Of Ice and Shadows is told in alternating chapters, from Mare and Denna’s perspectives. Their voices aren’t terribly distinct, and it can be easy to mix the two up during the first part of the story, when they are both generally in the same place. As their paths diverge a bit in the latter half of the book, this becomes less of a concern. While both characters grow in the course of the book, it is especially important for Mare. Out from under the critical eye of the Mynarian court, she is finally able to accept some responsibility for what it means to be a member of the royal house, while also taking advantage of the freedom offered by distance to pursue interests and skills that would have been forbidden to her as a woman in Mynaria. Ultimately, I think it is being able to grow this way herself that enables her to accept Denna’s development as well.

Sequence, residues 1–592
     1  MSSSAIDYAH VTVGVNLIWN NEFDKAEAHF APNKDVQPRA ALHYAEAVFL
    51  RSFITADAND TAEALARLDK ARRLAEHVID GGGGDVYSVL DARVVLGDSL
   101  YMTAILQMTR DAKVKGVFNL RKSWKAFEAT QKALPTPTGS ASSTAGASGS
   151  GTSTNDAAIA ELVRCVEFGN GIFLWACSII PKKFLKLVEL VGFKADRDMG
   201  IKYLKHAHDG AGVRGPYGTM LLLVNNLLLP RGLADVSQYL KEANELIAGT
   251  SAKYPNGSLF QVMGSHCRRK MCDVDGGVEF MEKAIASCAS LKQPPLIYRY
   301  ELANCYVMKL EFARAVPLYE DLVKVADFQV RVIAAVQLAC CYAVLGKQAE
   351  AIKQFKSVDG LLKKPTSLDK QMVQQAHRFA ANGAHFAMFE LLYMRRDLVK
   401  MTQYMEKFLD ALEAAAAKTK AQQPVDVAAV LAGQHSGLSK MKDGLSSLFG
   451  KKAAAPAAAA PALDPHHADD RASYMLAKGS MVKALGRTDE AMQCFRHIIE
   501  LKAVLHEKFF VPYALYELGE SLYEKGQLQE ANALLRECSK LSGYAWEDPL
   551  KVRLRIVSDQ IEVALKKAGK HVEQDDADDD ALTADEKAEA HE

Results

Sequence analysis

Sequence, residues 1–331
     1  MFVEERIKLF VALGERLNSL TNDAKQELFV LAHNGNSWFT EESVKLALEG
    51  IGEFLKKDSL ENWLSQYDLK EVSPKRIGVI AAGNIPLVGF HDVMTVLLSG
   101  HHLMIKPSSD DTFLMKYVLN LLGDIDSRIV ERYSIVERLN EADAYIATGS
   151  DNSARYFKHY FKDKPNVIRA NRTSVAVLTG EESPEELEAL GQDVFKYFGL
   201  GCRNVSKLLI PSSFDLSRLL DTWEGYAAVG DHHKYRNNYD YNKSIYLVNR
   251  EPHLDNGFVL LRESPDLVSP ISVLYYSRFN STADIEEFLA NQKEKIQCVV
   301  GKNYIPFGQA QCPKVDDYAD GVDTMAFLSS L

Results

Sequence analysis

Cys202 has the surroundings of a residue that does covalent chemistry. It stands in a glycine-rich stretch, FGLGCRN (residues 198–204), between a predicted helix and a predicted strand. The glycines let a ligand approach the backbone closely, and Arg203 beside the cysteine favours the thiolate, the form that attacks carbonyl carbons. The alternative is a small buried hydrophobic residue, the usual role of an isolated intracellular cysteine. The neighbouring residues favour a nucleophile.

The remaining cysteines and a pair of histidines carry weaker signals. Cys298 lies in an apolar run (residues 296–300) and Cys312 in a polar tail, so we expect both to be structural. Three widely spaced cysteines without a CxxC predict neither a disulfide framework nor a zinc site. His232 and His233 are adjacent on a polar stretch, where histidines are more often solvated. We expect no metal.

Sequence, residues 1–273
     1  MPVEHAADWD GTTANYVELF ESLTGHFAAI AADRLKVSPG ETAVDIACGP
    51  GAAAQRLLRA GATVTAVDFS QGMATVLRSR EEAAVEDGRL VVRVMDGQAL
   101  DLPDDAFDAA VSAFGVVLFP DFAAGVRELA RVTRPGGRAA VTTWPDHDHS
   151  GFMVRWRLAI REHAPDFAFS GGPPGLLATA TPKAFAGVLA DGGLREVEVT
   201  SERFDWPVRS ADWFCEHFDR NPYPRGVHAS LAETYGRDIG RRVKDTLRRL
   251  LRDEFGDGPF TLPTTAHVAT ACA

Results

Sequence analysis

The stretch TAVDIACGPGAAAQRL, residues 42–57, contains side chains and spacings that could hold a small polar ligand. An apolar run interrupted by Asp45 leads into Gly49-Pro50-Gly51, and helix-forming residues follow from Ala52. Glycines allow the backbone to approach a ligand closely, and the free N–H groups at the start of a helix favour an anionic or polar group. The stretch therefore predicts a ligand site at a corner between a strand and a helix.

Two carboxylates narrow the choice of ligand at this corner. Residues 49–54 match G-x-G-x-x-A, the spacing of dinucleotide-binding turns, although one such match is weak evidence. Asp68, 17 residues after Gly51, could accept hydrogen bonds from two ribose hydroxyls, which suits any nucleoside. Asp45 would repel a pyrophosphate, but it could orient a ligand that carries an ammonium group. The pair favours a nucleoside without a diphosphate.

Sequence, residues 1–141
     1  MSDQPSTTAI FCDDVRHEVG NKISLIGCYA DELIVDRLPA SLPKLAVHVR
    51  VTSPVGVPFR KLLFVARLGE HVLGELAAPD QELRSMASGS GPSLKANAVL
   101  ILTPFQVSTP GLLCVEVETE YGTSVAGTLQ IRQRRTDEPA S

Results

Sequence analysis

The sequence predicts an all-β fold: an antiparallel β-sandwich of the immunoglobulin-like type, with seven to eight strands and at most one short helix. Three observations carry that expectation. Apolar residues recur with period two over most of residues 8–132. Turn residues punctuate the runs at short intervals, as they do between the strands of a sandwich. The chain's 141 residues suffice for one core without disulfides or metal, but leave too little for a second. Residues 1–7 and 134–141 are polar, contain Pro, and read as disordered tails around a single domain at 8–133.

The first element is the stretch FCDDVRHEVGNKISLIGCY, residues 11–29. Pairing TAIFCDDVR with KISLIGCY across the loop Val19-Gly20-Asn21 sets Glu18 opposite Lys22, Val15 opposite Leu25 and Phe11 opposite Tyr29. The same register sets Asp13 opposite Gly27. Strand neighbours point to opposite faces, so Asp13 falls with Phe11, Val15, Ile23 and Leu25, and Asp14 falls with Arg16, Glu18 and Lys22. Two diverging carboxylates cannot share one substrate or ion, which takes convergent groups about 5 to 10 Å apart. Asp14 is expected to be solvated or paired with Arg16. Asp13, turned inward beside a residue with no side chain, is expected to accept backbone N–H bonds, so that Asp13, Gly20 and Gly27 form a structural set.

As a setting, Zumorda makes for a much more interesting backdrop than Mynaria. Magic is rife, and there are many different types to be discovered. This makes Mare uncomfortable, but the prevalence makes Denna feel normal for once, like she might belong. Three powerful women play a major role, including the ancient dragon queen, Invasya, Guardian Laurenna, and Grand Vizier Zhari, who are powerful magic users in their own right, based in the Southern trade hub of Kartasha, while the Queen holds court in Corovja. None of the women seem especially concerned by the Sonnenborne threat, leading Mare and Denna to wonder if they are really so powerful in their magic that they have nothing to fear, or if one or more of them may be in league with their enemies.